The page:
The Rotini Model of an Atom
//Principia Philosophiae// by Rene Descartes, page 271 (detail). Published at Amsterdam 1644 and dedicated to Eliška Přemyslovna. This image comes from the European Cultural Heritage Online project, and the Max Planck Institute for the History of Science. Thank you.
Principia Philosophiae by Rene Descartes, page 271 (detail). Published at Amsterdam 1644 and dedicated to Eliška Přemyslovna. This image comes from the European Cultural Heritage Online project, and the Max Planck Institute for the History of Science. Thank you.
atom.png
Consider an atom $\mathbf{A}$ described by a repetitive chain of space-time events with time coordinates $t$. Our first spatial conception of such an atom was as a compound quark in quark space. But that representation was coarse and grainy. Quark space is a poor approximation to ordinary space. So our next spatial depiction of an atom is set in a Cartesian coordinate system where $\mathbf{A}$ is viewed as a rotating atomic clock with a phase-angle $\theta$ given by

$\theta \left(t\right) = \theta_{0} +\omega t$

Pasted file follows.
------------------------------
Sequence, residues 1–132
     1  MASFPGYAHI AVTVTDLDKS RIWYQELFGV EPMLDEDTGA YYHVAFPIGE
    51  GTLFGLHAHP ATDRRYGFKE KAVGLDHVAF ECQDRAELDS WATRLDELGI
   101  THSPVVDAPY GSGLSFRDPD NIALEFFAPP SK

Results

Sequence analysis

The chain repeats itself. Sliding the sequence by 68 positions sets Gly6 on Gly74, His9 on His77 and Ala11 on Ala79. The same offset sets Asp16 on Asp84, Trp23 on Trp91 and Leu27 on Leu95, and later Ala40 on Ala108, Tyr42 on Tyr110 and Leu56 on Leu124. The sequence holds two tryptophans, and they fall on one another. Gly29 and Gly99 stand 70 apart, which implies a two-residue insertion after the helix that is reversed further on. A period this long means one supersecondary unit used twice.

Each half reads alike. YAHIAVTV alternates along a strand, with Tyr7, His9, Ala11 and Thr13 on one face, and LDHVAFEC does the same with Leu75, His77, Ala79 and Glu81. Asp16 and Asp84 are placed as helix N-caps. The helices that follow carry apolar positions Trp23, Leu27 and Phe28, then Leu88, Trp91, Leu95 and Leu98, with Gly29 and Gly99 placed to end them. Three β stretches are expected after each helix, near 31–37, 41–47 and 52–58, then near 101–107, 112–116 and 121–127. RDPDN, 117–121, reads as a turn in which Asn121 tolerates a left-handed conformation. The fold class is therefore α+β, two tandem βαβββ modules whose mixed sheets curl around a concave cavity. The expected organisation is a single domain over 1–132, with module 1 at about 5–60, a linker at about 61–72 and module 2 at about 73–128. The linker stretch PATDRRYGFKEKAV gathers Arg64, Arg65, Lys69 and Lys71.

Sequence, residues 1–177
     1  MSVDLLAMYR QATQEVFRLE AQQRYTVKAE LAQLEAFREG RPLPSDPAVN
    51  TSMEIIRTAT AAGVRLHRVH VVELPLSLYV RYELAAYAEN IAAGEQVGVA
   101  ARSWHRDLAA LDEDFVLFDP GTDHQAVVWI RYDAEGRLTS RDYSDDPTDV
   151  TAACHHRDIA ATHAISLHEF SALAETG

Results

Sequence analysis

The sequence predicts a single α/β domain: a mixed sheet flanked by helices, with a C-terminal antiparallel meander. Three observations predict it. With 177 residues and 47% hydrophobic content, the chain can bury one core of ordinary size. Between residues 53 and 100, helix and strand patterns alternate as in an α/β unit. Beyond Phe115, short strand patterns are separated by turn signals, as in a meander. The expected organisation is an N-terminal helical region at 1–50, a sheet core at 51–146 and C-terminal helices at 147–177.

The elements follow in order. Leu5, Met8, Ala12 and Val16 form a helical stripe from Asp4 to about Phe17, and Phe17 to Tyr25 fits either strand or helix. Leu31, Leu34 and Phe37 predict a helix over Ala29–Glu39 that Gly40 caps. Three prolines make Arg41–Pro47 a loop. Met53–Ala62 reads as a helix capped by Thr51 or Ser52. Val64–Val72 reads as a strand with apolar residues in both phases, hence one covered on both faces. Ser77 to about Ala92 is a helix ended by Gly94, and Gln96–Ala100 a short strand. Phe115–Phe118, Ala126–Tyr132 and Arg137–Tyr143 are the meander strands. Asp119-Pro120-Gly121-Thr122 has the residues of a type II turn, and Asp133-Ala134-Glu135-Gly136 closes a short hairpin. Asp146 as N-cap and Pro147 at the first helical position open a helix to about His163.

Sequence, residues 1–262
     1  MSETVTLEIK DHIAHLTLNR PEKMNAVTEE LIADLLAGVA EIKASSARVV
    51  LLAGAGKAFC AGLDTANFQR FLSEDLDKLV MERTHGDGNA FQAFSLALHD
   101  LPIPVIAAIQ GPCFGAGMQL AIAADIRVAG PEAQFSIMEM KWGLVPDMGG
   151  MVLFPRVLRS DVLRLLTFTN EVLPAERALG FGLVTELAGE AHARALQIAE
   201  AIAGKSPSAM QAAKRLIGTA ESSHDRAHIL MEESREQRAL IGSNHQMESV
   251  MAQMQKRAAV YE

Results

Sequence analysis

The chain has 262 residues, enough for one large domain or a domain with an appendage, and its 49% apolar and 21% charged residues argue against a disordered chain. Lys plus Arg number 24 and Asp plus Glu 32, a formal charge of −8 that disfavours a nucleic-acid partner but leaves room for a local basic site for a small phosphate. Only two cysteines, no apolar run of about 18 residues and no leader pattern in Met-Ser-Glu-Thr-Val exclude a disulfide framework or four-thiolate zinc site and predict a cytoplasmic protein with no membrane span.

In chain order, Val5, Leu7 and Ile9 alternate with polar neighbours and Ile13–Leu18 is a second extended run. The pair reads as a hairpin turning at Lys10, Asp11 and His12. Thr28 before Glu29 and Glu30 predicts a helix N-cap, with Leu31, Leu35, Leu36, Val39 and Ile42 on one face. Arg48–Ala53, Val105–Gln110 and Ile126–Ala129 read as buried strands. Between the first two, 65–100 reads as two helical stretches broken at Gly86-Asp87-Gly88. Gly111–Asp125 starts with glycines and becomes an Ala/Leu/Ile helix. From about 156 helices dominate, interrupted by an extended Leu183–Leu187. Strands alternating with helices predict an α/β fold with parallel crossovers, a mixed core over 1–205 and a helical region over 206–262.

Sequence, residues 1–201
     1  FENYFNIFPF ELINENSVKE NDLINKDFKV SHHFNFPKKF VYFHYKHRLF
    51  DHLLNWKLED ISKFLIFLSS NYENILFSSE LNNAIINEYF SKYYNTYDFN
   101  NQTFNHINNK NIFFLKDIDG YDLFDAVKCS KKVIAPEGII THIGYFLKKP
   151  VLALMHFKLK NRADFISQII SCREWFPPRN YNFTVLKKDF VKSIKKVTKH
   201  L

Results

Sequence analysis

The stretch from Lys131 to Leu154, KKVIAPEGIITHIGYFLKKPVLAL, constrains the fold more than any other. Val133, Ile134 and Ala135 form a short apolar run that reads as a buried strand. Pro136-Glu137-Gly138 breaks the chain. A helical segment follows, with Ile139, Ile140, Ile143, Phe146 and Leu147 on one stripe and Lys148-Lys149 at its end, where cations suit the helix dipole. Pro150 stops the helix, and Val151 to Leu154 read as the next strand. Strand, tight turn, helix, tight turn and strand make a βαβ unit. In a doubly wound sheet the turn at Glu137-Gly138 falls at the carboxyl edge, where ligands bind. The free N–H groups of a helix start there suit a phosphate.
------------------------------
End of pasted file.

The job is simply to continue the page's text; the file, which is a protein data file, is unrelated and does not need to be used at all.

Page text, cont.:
such that $\mathbf{A}$ is whirling about its polar axis with an angular frequency of $\omega$. The rotation supposedly blurs variations in the electric and magnetic radii leaving an effective orbital radius $R$ that is then used to represent the atom as a rotating cylinder. This rotating cylinder model smooths out some rough edges, but it is still incomplete because the electromagnetic part of the quark metric is larger than the other non-polar components. So one radial direction is predominant and the atom is shaped more like a piece of rotini pasta than a solid cylinder. This corkscrew spiral is approximated by a geometric curve called a helicoidXlink.png and mathematically described by radii of

$\rho_{x} = R \cos{\! 2 \theta}$and$\rho_{y} = R \sin{\! 2 \theta }$and$\begin{align} \rho_{z} = \frac{ \lambda \theta}{2 \pi} \end{align}$

Archimedes.gif
where $\lambda$ is the wavelength of $\mathbf{A}$. When moving, the rotini model looks a lot like a machine called the Archimedean screwXlink.png. Humans have been thinking about screw conveyor mechanisms like this for thousands of years. They were reportedly used to irrigate the Hanging Gardens of BabylonXlink.png as early as 600 BC.

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